I was quoting directly from my mid-year review. The very words he’d written. He’d delivered them hastily as if giving me a compliment put him in serious pain.
He sighed and said, “What I’m saying is you need to get your priorities in order.”
My priorities?! The audacity of what he was implying slapped me in the face. My family was my priority. Full stop. It was for Stephen too. I guaranteed his boss wasn’t having this conversation with him. When he left work to care for a sick child, he probably left with a chorus of applause chasing him. A standing ovation for Kramer Judd’s father of the year.
But when I, the one who pushed those children out of her vagina, leaves to take care of them, my priorities are out of whack.
I fought back another wave of tears. I was damned if I do, damned if I don’t. I found myself annoyed at my daughter for being sick. Angry at myself for not being able to carry her the full 40 weeks. I blamed her daycare for calling for even the low-grade fevers.
The guilt overwhelmed me. It hit when I was at work and not with my kids. Or when I was with my kids and not at work. Or when I was at work and angry because daycare called. I couldn’t be everywhere at every moment, but that’s what was being asked of me. Be a good mother. Make family a priority. Be a good employee. Make work a priority. Be there when your kids are sick, but don’t make others at work suffer because of you.
I sighed, nodded and stood. “Is that all?”
“No,” he said. “The meeting with Geoff is canceled. He’s in Atlanta this week.”
“Okay,” I said. After the five-minute assault on my sick child and value as an employee, I wasn’t exactly in the mood for an hour-long meeting about financials and project statuses.
“Do you have the Burgers & Waffles ads?”
“Yes.” I pulled the proofs from my folder and hand them over. “I also have the Kyle pitch. The team has reviewed it and it’s aligned with their RFP.” Kyle was already a client for creative services and traditional media, but they were looking for a new digital and social media agency. It was my idea to pitch for the business. Thanks to my relationship with Leah, their VP of marketing, we’d gotten a two-week heads up on the request for proposal. At this point, the pitch was a formality. Leah was on board and impressed with the work I’d shared with her.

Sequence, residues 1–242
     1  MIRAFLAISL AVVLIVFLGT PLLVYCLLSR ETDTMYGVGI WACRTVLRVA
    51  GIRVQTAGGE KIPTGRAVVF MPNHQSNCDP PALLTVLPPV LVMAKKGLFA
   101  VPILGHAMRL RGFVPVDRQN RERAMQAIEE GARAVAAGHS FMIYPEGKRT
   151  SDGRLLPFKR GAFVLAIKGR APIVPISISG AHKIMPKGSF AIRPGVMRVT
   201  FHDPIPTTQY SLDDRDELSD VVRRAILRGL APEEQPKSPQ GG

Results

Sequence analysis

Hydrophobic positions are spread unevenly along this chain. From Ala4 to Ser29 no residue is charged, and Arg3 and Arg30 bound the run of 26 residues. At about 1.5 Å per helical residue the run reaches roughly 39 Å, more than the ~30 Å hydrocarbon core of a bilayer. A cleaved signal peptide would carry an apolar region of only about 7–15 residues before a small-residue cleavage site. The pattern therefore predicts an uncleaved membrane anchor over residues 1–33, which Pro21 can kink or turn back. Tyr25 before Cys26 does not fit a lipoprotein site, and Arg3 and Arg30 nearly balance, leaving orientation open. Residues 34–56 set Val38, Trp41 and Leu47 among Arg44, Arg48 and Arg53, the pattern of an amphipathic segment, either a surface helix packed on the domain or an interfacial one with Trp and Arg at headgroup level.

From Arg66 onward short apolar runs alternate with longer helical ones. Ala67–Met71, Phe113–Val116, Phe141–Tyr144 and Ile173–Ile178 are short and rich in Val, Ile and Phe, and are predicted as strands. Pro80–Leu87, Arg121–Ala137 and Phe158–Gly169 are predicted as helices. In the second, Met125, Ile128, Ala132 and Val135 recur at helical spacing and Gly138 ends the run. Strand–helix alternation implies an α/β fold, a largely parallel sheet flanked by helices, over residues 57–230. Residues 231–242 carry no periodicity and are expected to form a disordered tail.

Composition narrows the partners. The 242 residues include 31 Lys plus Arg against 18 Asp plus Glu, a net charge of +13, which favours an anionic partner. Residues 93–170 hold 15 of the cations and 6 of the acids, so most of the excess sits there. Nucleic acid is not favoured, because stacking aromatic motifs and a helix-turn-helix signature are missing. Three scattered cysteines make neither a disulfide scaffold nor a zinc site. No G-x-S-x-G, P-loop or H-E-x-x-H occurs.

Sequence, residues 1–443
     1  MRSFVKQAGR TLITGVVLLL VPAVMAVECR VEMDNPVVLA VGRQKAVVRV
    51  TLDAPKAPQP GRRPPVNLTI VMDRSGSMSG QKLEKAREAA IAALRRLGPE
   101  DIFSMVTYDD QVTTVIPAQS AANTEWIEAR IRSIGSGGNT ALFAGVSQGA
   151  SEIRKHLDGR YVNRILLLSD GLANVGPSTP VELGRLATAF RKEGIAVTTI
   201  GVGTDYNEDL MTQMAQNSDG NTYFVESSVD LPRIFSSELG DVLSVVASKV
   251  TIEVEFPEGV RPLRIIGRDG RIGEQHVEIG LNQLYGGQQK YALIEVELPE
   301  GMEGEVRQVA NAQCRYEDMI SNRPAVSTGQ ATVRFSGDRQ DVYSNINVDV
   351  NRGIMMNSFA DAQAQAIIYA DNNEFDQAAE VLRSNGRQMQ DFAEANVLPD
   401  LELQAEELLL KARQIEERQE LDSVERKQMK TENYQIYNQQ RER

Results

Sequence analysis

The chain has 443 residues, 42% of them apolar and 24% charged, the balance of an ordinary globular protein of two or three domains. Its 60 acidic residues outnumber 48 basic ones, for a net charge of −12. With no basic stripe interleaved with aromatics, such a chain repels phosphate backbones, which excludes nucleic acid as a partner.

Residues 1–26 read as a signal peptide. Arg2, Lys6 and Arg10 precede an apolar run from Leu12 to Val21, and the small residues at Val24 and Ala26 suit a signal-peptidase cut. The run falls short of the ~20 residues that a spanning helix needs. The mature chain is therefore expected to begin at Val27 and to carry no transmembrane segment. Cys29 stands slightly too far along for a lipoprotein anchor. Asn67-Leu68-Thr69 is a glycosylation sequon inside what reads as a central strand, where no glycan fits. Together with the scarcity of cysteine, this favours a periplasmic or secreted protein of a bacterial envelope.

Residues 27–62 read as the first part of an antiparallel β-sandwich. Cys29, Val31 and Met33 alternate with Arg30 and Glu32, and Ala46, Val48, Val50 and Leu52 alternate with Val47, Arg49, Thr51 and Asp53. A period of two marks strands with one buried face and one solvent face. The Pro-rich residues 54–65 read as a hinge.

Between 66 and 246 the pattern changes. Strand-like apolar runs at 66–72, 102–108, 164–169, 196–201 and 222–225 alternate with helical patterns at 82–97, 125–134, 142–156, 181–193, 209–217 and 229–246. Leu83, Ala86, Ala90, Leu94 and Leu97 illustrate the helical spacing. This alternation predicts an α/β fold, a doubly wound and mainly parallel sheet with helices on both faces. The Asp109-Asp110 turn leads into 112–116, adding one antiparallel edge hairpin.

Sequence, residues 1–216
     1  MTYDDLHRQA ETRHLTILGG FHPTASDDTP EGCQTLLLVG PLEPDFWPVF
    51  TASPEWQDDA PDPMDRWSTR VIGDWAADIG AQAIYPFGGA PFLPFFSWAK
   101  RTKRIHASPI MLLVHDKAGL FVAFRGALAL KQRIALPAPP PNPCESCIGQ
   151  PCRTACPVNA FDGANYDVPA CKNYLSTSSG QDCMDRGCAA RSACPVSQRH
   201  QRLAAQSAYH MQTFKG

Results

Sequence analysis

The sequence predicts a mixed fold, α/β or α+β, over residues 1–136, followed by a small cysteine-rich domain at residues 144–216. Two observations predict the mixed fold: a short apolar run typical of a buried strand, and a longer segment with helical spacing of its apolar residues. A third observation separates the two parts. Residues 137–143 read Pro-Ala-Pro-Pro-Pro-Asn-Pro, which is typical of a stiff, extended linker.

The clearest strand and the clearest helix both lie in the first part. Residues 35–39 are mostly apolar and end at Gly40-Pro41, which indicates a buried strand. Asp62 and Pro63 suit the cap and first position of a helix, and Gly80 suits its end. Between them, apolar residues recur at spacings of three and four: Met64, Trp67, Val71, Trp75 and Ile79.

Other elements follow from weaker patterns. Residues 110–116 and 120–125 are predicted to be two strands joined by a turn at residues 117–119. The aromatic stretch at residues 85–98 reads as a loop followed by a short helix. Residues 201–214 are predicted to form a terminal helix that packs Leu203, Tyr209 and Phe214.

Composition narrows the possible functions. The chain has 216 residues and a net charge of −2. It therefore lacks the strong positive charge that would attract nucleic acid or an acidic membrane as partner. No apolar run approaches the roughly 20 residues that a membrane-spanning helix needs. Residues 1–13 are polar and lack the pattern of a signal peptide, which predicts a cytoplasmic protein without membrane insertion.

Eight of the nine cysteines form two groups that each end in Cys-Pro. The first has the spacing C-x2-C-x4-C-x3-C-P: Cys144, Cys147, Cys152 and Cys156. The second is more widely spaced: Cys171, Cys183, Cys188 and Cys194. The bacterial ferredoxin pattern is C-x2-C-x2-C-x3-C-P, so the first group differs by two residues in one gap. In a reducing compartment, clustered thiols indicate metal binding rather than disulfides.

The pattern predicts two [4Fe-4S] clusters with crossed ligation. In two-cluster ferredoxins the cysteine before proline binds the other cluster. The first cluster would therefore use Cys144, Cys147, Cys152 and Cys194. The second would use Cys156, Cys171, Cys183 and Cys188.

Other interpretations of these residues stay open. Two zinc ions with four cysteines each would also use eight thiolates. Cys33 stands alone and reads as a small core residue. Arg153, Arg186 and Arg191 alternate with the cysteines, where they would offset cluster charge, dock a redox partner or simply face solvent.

“When are we pitching?”
“With your approval, I will send the proposal over today. Once they review, they will schedule our presentation at their offices.”
“Do you have a print out?” I always had a print out. Peter hated reading emails or PDFs. He needed to kill a minimum of ten thousand trees a year to do his job. I slid the fifty-page, spiral-bound presentation across his desk. “Has legal reviewed?”
“Legal, finance and the digital team have all reviewed and signed off. All I am waiting on is your approval.”
He nodded and picked up the book. “I’ll have it to you by the end of the day.”
“Before five?” I asked. Peter considered the day anything before midnight. But I had kids to pick up, dinner to make and a house to run; none of which were on his radar. I couldn’t wait by my phone for an answer. Instead of explaining that, I said, “Leah is on vacation starting tomorrow. If I can get it to her today, we are more likely to get a quick response.”
“I’ll have it to you before noon.” With that, he ushered me out of his office and asked that I close his door behind me. I did as he asked but slammed it. The sound echoed through the office.
I breezed past an inquisitive Wendy, grabbed my pump bag and rushed to the tiny broom closet designated as the Mother’s Room. The space had no ventilation, which meant it was a sauna in the summer and an icebox in the winter. But it had a chair, a mini-fridge and a lock. More often than not, I had to chase someone out. Usually that someone was in the middle of a phone interview. If I were a spiteful person, I’d turn them all into HR for using the Mother’s Room to find another job. The worst, though, was when the secretary ate her lunch there and threw the leftovers in the trash. I’d spend my afternoon pumping session holding my breath, so I didn’t retch from the smell of stale ketchup or old Chinese food.
With the door safely locked behind me, I turned off the lights and sat in the soft chair. I didn’t need to pump, but I needed the fifteen minutes of silence to recover. My entire body vibrated as the tears threatened to explode. I counted to ten and then started my mental math routine. Two plus two is four. Four plus four is eight. I repeated this until I couldn’t add the numbers and started over. The routine always centered me. It took several rounds to get my breathing back to normal. The anger didn’t subside as quickly.
Fuck you, Peter.